Basics of Infrared Spectroscopy in Textile

Basics of Infrared Spectroscopy in Textile
Jaiparkash Kaushik
Department of Textile Technology
The Technological Institute of Textile and Sciences,
Bhiwani, India
Email: jaiparkashkaushik@gmail.com



Introduction
Infrared Spectroscopy or IR Spectroscopy is used used to investigate vibrational structure of molecules or bonds in textile material. They are also used to investigate the type of bonding between the applied chemical and the textile substrate. Hence, a basic knowledge of IR Spectroscopy is important.

Spectroscopy is the study of the interaction of matter with the electromagnetic spectrum:
 
1. Electromagnetic radiation displays the properties of both particles and waves,
 
2. The particle component is called a photon,
 
3. The energy (E) component of a photon is proportional to the frequency . Where h is Planck’s constant and n is the frequency in Hertz (cycles per second),
 
E = hn 
 
4. The term “photon” is implied to mean a small, massless particle that contains a small wave-packet of EM radiation/light – we will use this terminology in the course,
 
5. Because the speed of light, c, is constant, the frequency, n, (number of cycles of the wave per second) can complete in the same time, must be inversely proportional to how long the oscillation is, or wavelength.
 
6. Amplitude, A, describes the wave height, or strength of the oscillation,
 
7. Because the atomic particles in matter also exhibit wave and particle properties (though opposite in how much) EM radiation can interact with matter in two ways:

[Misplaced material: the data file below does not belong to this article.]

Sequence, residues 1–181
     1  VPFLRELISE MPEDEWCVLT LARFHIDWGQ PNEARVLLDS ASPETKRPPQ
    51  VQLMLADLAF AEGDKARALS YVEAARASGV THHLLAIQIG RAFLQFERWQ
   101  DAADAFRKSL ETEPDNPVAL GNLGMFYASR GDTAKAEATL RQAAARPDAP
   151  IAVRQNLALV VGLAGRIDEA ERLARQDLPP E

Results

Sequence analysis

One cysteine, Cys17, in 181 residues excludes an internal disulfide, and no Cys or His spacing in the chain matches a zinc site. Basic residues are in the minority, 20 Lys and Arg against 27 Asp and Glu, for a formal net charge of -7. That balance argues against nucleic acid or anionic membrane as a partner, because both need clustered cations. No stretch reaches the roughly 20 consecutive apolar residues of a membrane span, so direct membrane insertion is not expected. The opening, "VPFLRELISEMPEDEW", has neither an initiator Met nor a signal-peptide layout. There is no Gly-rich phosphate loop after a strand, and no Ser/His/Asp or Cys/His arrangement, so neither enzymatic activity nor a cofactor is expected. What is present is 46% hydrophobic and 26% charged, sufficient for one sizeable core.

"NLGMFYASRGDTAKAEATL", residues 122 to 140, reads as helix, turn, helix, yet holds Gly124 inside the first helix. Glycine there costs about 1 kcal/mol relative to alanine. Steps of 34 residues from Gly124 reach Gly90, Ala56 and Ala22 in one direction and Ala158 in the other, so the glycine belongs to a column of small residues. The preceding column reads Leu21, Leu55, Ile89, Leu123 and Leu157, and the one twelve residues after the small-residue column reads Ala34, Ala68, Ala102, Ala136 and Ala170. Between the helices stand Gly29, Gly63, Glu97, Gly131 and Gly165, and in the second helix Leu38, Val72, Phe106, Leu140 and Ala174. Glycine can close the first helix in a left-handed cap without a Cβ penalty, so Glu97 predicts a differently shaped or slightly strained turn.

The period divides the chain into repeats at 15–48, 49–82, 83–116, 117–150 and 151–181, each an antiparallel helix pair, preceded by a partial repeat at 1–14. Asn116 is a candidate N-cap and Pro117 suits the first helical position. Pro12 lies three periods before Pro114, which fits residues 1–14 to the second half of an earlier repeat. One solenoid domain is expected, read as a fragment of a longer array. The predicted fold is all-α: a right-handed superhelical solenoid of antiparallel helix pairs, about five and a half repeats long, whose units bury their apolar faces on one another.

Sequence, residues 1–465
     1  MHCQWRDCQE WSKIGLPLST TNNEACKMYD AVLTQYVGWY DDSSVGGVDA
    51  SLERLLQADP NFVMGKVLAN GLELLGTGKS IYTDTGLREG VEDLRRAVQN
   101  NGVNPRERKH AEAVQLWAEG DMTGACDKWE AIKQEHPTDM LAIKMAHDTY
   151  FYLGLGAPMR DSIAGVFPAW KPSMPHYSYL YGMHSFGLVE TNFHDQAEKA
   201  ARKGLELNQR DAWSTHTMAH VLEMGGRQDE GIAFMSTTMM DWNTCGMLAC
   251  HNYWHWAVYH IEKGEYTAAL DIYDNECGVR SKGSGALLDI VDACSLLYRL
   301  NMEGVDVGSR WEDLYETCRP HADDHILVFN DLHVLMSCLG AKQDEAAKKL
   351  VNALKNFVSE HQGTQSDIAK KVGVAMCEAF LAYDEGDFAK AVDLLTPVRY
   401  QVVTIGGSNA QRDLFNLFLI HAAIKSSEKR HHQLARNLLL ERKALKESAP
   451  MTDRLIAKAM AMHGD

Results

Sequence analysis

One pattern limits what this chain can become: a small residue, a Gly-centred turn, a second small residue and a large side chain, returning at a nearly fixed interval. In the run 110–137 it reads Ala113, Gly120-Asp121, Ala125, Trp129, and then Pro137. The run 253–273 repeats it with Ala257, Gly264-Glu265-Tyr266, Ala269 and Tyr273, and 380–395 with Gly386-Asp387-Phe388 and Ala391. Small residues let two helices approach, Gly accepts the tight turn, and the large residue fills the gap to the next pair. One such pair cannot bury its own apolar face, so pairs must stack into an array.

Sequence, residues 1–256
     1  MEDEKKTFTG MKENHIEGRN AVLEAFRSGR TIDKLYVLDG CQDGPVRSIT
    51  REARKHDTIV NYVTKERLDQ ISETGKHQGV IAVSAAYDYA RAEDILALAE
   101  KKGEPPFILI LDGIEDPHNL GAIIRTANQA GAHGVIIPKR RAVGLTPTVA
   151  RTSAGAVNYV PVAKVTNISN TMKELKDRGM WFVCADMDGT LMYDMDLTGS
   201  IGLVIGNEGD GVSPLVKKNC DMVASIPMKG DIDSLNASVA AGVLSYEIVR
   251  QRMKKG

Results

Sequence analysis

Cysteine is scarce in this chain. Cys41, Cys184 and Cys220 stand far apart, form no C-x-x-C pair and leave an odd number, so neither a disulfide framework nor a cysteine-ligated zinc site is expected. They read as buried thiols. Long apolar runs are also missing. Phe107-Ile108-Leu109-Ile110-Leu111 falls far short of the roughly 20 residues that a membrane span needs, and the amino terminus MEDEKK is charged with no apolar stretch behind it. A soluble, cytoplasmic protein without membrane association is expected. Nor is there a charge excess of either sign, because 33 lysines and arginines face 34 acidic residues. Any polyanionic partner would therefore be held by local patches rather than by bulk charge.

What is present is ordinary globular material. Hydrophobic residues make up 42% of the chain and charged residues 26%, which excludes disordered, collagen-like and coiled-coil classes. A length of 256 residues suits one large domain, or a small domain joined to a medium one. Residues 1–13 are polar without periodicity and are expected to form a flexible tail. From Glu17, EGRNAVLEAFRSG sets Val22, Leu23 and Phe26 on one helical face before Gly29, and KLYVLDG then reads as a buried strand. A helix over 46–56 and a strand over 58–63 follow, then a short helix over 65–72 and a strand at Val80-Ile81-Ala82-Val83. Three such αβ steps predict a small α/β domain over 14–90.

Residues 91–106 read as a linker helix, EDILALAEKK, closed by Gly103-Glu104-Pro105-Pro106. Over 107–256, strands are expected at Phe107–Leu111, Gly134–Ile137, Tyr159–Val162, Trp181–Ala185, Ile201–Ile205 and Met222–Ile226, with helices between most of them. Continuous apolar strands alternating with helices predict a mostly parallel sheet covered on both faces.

• Collision – particle-to-particle – energy is lost as heat and movement
  • Coupling – the wave property of the radiation matches the wave property of the particle and “couple” to the next higher quantum mechanical energy level
8. The entire electromagnetic spectrum is used by chemists.
 
The IR Spectroscopic Process
1. The quantum mechanical energy levels observed in IR spectroscopy are those of molecular vibration,
 
2. We perceive this vibration as heat,
 
3. When we say a covalent bond between two atoms is of a certain length, we are citing an average because the bond behaves as if it were a vibrating spring connecting the two atoms,
 
4. For a simple diatomic molecule, this model is easy to visualize,
 
5. There are two types of bond vibration:
  • Stretch – Vibration or oscillation along the line of the bond 
Stretch
  • Bend – Vibration or oscillation not along the line of the bond
Bend
6. As a covalent bond oscillates – due to the oscillation of the dipole of the molecule – a varying electromagnetic field is produced,
 
7. The greater the dipole moment change through the vibration, the more intense the EM field that is generated,
 
8. When a wave of infrared light encounters this oscillating EM field generated by the oscillating dipole of the same frequency, the two waves couple, and IR light is absorbed,
 
9. The coupled wave now vibrates with twice the amplitude.

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